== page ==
April 14, 2009
History has shown that corporate directors and senior executives often use creative devices to protect their own interests at the expense of shareholders. Dennis K. Berman, in his article for the The Wall Street Journal, explains that “Poison Puts” are just the latest device gaining popularity as a way to maintain control of the company and obstruct deals that may benefit shareholders.
“[T]he poison put is playing an unnoticed role in preventing a wave of deals. When a company takes out a loan or issues debt, the contract often requires that it pay back those debts in full when it buys a company or sells itself. That is the ‘put’ part -- because it protects bondholders. Sometimes companies must accelerate the payments when there is turnover in board or management. The idea is to protect lenders, ensuring that they are getting the kind of credit risk for which they originally bargained.”
However, because of Poison Puts, deals that can benefit shareholders may be undermined. For example, according to the article, Poison Puts may have complicated a pending sale of telecommunications firm Embarq Inc. to Century/Tel Inc. in November 2008 by making the acquisition unfeasible. As Mr. Lebovitch, quoted in the Journal, states, "For a levered-up company, it's a foolproof anti-activism device."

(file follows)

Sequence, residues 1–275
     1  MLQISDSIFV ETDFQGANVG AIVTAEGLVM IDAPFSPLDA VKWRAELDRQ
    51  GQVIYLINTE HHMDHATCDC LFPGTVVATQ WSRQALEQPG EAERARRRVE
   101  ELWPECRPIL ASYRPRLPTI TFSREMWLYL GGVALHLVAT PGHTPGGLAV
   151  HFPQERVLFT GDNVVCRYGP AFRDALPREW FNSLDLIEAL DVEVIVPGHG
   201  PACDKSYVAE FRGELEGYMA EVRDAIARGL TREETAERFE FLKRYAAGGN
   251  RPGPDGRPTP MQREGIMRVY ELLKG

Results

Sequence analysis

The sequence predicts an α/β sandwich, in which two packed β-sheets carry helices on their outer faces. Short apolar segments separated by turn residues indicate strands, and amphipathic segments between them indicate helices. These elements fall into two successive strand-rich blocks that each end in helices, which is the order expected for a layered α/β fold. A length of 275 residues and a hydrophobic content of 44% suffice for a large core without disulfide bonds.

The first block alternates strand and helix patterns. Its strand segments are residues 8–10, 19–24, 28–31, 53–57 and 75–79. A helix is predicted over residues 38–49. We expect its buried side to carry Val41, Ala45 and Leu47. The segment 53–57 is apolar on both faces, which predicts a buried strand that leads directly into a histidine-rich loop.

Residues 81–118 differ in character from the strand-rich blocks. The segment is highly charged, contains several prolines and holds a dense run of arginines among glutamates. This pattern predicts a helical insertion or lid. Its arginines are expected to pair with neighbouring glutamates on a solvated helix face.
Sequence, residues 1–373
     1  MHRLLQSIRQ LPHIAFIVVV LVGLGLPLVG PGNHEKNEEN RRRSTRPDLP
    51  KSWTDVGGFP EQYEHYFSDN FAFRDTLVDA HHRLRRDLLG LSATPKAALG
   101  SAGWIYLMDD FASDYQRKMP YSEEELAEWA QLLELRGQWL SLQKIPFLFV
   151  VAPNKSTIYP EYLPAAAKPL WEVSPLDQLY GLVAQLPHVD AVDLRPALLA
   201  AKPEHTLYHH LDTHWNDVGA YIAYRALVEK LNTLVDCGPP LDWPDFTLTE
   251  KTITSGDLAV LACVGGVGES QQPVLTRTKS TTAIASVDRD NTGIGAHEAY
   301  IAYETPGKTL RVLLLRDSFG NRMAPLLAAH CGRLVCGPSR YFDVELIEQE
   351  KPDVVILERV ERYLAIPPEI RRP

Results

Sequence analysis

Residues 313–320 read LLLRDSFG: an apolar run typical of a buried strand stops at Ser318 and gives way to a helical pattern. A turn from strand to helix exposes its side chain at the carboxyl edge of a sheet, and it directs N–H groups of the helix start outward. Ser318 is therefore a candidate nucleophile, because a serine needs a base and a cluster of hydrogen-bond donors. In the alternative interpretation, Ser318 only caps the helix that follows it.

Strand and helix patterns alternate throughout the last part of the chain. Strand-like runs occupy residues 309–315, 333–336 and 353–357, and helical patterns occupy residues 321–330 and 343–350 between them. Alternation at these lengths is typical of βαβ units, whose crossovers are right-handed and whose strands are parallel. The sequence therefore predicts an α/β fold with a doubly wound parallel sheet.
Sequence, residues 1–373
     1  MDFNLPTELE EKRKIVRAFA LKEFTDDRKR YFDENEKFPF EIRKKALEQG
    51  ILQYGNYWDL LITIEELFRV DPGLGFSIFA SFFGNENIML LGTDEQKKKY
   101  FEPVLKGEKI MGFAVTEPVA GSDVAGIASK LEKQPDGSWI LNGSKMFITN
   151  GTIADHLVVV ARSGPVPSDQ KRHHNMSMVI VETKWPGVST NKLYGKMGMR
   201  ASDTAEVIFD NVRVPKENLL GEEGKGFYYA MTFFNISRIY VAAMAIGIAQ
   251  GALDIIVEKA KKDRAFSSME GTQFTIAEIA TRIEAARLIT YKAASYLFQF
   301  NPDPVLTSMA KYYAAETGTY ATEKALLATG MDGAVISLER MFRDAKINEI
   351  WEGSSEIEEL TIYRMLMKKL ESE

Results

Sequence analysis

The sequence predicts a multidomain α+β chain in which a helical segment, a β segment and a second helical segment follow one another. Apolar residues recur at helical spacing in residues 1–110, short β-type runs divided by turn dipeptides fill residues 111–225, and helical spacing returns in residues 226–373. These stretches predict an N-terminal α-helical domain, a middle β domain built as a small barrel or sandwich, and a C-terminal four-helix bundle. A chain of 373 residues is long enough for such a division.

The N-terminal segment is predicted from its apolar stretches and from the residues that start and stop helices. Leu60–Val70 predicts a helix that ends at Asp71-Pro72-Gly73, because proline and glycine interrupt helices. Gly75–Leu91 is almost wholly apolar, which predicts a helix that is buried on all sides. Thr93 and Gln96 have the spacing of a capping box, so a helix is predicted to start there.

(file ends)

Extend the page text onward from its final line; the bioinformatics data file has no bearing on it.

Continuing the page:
Activist investors, including some of the country's most prominent public pension funds, are fighting to protect shareholder interests. On March 24, 2009, BLB&G and its client the San Antonio Fire and Police Pension Fund filed a Complaint in Delaware state court against Amylin Pharmaceuticals, Inc. and its Board alleging violations of fiduciary duties by management and the Board arising from their adoption of defensive measures – including Poison Puts – in two debt instruments.
In 2007, amid takeover speculation, Amylin embedded Proxy Puts in its indenture agreement for $575 million of convertible notes and its $140 million credit agreement. The Proxy Puts expose the Company to immediate repayment and repurchase obligations if Amylin shareholders elect a board of directors that does not include a majority of the incumbent directors, or directors approved by the incumbent directors. These obligations could require Amylin to remit more than $900 million – an amount exceeding one-half of the Company’s current $1.7 billion market value. The Complaint seeks to invalidate the Proxy Puts, and require the Board to approve the nomination of a new slate of directors put forth by two other shareholders, Icahn Capital LP and Eastbourne Capital Management slates for shareholder consideration at the Company’s 2009 annual meeting. The Complaint also demands that Amylin correct coercive and misleading disclosures in its 2008 annual report.